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Teacher unions criticize El Paso ISD’s new faculty position, Active-Learning Leader

Teachers unions are criticizing the El Paso Independent School District over a decision to make 160 instructional coaches reapply for their jobs this March. Some were so upset they refused to apply, leaving the district with about 60 positions to fill.

This all started after the district conducted an internal curriculum audit. It found the classrooms were too traditional, too teacher-centered. The recommendation was train teachers how to be more creative in 21st century classrooms with the help of Active Learning Leaders, or ALLs, formerly know as academic instructional coaches.

“It’s really based off more student centered classrooms that are for today’s generation of learners,” said EPISD spokesperson Melissa Martinez.

After realizing the coaches weren’t prepared to train for technology, collaborative learning and lesson plans, EPISD created a new position and made 160 coaches reapply.

“The way the district handled this situation was very cold, very calculated was very devious and underhanded,” said El Paso Teacher Association President Norma De La Rosa.

The El Paso Teacher’s Association and Federation of Teachers and Support Personnel came together, voicing their frustration and anger by the move made with just days to comply.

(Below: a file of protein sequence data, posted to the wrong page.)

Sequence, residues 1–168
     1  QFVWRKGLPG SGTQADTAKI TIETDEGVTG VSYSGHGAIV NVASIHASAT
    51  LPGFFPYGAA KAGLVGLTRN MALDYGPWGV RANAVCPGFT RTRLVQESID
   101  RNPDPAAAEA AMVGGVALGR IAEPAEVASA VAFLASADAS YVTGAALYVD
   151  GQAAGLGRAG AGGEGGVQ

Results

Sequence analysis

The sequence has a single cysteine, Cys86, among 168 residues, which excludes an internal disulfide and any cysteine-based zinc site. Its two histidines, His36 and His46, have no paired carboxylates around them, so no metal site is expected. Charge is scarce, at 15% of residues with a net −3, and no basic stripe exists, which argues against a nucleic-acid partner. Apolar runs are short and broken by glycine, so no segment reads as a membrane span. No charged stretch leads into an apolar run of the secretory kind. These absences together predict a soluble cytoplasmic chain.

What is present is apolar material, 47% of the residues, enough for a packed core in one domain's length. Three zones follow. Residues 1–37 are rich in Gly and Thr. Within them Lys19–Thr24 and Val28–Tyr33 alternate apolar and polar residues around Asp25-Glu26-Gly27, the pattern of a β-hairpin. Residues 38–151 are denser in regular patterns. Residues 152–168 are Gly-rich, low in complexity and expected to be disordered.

“It wasn’t necessary, the differences in the job descriptions are semantics at best, just a few word changes here or there,” said Federal Vice-President Ross Moore.

There are only 120 spots for ALLS, meaning some coaches who had been at a campus for years could potentially not get the same job, pushing them into a displacement pool, subject to the needs of the district.

“No teacher or coach will lose their job, they are all guaranteed a position with the district and that’s what’s important to remember,” Martinez said. “Contracts are with the district and not with a particular school.”

Even so, coaches were made mad enough only half even applied for the new job. Out of the 80 who did, only about 40 made it past the interview process which focused on 21st century learning, rather than teaching to the test.

As a result, EPISD had to lower requirements from 85 percent passing, to 65 percent, and said it is now looking to teachers, not the former coaches, to fill these slots.

“All the coaches were master teachers they had experience,” De La Rosa said. “So now if any employees have limited experience in the classrooms, just how much knowledge do they have?”

The district has to the end of the school year to fill the remaining 60 positions, the rush being these teachers have to attend intensive summer training to be ready by next school year.

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